Thursday, October 20, 2022

Before You Can See It . . .


Sometimes, you just have to know it's there before you can see it. You could say that about a blind alley when searching for an unfamiliar address. Or spotting a stealthy feline out in its natural habitat. I'd say the same goes for some surprises in our family trees.

While I am absolutely not an advocate for copying other people's pedigree charts—you really have to prove the work for yourself—a well-supported tree pertinent to our own family is certainly worth the examination. All researchers can learn from each other. Some of our fellow researchers we can consider as trustworthy trailblazers.

In the case of what we can learn from our DNA matches, well, for what other reason have we tested, if not to fill in the blanks for our mystery ancestors? That's the situation I'm in, working on October's research goal. I'll looking for more details regarding my paternal grandmother's Polish roots. That means finding Laskowski family connections from Żerków, Poland.

My grandmother Sophie's father, Antoni Laskowski, apparently was connected to the ancestors of one DNA match I've found through the testing company at I've written about this match's ancestor—possibly a sister of Antoni's mother, Elżbieta Gramlewicz. Thankfully, through MyHeritage's Theory of Family Relativity tool, I now have a line of descent stretching from Elżbieta's father Andrzej Gramlewicz to her sister—or, possibly, half-sister—and then on to the next generation with a daughter named Teresa Cichocka.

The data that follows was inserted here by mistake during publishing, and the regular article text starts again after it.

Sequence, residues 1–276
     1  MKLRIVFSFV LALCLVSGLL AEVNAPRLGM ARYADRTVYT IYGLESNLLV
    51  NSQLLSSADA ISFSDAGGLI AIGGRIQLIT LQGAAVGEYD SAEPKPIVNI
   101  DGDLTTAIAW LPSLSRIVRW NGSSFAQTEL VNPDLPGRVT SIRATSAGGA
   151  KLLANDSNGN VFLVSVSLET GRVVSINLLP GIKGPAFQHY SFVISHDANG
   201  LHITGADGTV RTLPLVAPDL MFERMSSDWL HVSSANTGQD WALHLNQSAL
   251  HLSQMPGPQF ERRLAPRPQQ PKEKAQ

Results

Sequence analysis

Using this outline provided by the MyHeritage Theory of Family Relativity, I could see the surname attached to the next two generations was Hilscher. And that was a good thing. Returning to the BaSIA website I mentioned yesterday, if I searched for the surname Cichocka—or even the masculine version, Cichocki—I could find no search results linked to the town of Żerków. However, if I searched for Gramlewicz or the surname of Teresa Cichocka's son—a Hilscher—I could find several results from the same town as my Laskowski ancestors.

It took testing that suggested surname possibility down the line—looking for Hilscher—which pointed out that "blind alley" of the Cichocki family. Now, I can begin sketching out a family tree—and locating related documents—for this newly-discovered sibling of my second great-grandmother Elżbieta Gramlewicz.

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